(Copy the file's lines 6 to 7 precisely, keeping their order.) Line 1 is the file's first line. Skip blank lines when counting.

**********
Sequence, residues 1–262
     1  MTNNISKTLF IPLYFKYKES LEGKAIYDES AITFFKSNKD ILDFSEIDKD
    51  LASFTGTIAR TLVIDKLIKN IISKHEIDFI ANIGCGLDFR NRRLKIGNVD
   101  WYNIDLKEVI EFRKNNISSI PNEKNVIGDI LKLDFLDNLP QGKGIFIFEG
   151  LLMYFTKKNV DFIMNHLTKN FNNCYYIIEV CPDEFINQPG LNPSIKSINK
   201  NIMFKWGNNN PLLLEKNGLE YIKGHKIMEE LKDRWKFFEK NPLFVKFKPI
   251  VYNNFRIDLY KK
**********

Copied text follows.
   201  NIMFKWGNNN PLLLEKNGLE YIKGHKIMEE LKDRWKFFEK NPLFVKFKPI
   251  VYNNFRIDLY KK